8 Quirky, Artsy Things To Do in New England This Winter
Tired of spending your Boston weekends brunching and bar-hopping? Feeling that late-winter itch to get out of town? Fulfill your dual needs for enrichment and travel with a quick day trip to one of New England’s under-the-radar cultural finds. From an indie movie theater inside an old textile mill, to a museum celebrating Bigfoot, to an archive devoted entirely to beer cans(!), our region is full of quirky and enlightening gems -- all within a two-hour drive from Boston.
Portsmouth, New Hampshire
In cold winter weather, multitasking is key, whether it’s one-stop shopping inside a megastore or getting all your cultural fixes in one place. This Portsmouth nonprofit can definitely help you on the latter front, offering a multimedia, multi-use space that’s all about boosting up-and-coming artists. Multiple, ongoing gallery exhibits are spiced up by screenings, storytelling events, and concerts. (Don’t miss the upcoming performance by Pink Talking Fish, which is -- you guessed it -- a hybrid Pink Floyd/Talking Heads/Phish tribute band.) Plus, you barely have to leave the building for a post-performance meal: The space is just a half-mile from downtown Portsmouth and all its hyped restaurants, such as James Beard semi-finalist Black Trumpet and beloved oyster bar Row 34.
Bristol, Rhode Island
A fully-preserved New England estate is hardly a groundbreaking attraction ’round these parts, but Blithewold is a particularly impressive glimpse into yesteryear: The 45-room mansion and its 33 acres of gardens are considered one of the best remaining examples of the Country Place Era of late 19th/early 20th century America. On weekends, it’s also a cultural gathering place for both locals and tourists, when the estate puts on events including art exhibits, film screenings, and their uber-popular supper clubs, which sell out weeks in advance.
Don’t suffer through a shuddersome superhero movie at a 30-screen multiplex when you can catch an ’80s cult classic at a theater inside a restored 19th-century textile mill. This indie gem shows both first-runs and throwback favorites; on Wednesdays and Sundays they even offer a mystery screening -- in that you have no idea what movie you’re going to watch until it starts. Need more? There are vintage arcade games in the lobby and beer and wine at the concession stand. The theater isn’t just for cinephiles, either -- every Thursday night the space hosts a cover-free, live jazz show.
Don’t let the residential exterior fool you -- this 1901 Colonial Revival mansion actually houses some of the most important Impressionist paintings in the world, including pieces by Mary Cassatt, Edgar Degas, and Claude Monet. While there’s something that feels a little illicit about peering at artwork inside a once-private home, Hill-Stead was built by Theodate Pope Riddle, a glass-ceiling-shattering 19th-century female architect, precisely to preserve her parent’s stunning art collection. So ooh and ahh without reservation, then grab a little fresh air with a tromp through the property’s 152 acres of gardens and walking trails (accessible even in winter, but worth returning to for the full effect in summer).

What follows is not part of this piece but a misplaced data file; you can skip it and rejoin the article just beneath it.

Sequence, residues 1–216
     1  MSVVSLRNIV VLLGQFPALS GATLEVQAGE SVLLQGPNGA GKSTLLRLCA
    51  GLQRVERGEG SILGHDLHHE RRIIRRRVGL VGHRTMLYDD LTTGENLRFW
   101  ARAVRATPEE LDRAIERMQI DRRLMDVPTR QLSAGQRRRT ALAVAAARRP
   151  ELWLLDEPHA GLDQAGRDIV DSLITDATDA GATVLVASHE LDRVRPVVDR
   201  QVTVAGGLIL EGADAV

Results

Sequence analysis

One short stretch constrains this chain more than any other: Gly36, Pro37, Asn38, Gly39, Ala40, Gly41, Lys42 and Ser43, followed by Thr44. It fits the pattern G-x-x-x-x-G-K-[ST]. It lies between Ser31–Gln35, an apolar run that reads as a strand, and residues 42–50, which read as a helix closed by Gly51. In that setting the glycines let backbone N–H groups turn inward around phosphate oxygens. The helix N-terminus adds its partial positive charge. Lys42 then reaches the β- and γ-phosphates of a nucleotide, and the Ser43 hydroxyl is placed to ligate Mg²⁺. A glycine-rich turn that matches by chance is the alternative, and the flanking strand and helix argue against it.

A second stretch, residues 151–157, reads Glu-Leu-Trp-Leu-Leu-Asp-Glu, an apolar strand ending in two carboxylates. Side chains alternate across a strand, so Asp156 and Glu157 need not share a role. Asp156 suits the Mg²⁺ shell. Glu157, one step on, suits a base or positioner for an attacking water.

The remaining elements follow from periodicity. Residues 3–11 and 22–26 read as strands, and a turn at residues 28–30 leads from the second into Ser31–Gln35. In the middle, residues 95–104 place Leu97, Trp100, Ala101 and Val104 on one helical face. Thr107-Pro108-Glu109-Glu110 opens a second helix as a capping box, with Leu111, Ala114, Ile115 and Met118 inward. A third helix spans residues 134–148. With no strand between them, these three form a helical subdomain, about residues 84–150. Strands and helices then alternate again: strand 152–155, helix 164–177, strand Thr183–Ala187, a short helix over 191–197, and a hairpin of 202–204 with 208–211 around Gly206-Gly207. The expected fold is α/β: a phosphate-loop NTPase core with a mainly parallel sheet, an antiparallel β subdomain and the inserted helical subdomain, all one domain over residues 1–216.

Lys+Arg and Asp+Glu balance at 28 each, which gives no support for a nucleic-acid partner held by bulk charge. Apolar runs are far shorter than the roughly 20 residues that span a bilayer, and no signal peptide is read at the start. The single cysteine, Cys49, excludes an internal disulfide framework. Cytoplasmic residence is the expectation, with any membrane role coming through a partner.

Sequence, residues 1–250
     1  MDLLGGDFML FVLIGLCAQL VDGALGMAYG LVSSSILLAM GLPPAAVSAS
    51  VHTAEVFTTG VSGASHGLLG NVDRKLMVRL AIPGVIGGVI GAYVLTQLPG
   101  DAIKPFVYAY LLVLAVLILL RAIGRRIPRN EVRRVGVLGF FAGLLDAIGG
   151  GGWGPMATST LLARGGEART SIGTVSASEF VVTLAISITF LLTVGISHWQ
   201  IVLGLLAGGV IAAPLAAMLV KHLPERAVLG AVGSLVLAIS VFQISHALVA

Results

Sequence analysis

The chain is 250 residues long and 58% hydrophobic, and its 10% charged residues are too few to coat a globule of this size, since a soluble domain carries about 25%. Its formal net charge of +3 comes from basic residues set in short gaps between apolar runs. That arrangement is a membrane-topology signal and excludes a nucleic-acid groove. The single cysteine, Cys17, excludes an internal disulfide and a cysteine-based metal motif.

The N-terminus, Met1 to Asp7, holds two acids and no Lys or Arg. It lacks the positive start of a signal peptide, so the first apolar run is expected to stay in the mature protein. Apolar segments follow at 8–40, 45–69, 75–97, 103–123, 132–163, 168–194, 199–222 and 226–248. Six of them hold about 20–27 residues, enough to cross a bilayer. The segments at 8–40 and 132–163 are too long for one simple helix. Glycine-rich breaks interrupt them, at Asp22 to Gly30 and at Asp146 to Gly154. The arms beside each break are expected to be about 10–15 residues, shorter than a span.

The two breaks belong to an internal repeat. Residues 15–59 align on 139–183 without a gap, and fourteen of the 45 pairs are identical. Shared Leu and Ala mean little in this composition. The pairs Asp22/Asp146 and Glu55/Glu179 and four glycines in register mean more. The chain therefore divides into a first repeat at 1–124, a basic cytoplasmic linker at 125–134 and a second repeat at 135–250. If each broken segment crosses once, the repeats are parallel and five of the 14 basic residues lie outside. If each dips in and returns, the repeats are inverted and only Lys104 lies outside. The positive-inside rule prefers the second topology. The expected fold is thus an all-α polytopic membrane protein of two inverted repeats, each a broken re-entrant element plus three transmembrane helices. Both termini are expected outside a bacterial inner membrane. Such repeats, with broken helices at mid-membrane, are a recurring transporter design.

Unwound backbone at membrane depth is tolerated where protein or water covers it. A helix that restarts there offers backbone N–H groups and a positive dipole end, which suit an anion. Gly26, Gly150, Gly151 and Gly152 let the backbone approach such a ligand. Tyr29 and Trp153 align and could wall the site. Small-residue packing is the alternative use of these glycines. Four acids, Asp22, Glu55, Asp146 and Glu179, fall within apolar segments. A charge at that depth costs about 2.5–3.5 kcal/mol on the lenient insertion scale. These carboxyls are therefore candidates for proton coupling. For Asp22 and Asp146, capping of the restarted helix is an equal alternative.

Just because it’s exactly as advertised doesn’t make this attraction any less thrilling. Housed inside a dive bar with the too-classic name Ye Ol’ Watering Hole, the “museum” is really a shelved display of more than 4,000 beer cans, old and new, sourced from around the world. Among the gems are the Billy Beer empties (popularized by President Jimmy Carter’s brother, Billy), and some of the heavy steel containers date back to the mid-1930s, when canned beer was first introduced. Fun/gross fact: The collection was once in terrible shape thanks to years of accumulated secondhand smoke, but after the 2004 statewide ban on smoking in bars, collectors rallied to replace some of the most degraded display items.
What exactly is cryptozoology, you ask? Basically, it’s the study of Bigfoot, Nessie, and the like, those “unverified” creatures of myth and folklore. It’s a relatively obscure field of life sciences, with exactly one dedicated museum -- and it’s in downtown Portland. The museum owes its existence to one man, Loren Coleman, who has spent a half-century traveling the world collecting “cryptozoological samples.” Among his more than 10,000 items currently on display are “real” hair samples from the Abominable Snowman and full-sized models of relatively newfound animals like the coelacanth, an enormous fish once thought to be long extinct but rediscovered in 1938.
Providence, Rhode Island
In dire need of a temperate climate and some vitamin D? A visit to the largest indoor garden in New England (12,000 square feet) will help you get through the rest of winter. Weekend guided tours are limited to once a month, but visit on Saturdays for workshops on topics like how to resuscitate an orchid (who hasn’t killed a plant?) and Q&As with a master gardener, or just wander the greenhouses on your own to discover more than 150 different species and cultivars of plants.
New Haven, Connecticut
Beneficiary of the creativity at Yale School of Drama, the Rep is where great plays go to flourish. Its next production, premiering March 16, is the Civil War-set odyssey Father Comes Home From the Wars, Parts 1, 2 & 3 by Pulitzer Prize winner Suzan-Lori Parks. In fact, of the more than 100 world premieres staged there since 1966 -- including works by August Wilson and Terrence McNally -- two have won the Pulitzer Prize, and 10 earned Tony Awards after graduating to Broadway. And, well, we’re just going to leave this sample of acting alumni here: Paul Newman, Angela Bassett, Sigourney Weaver, Paul Giamatti, Frances McDormand, Henry “The Fonz” Winkler, and the grand dame herself, Meryl Streep.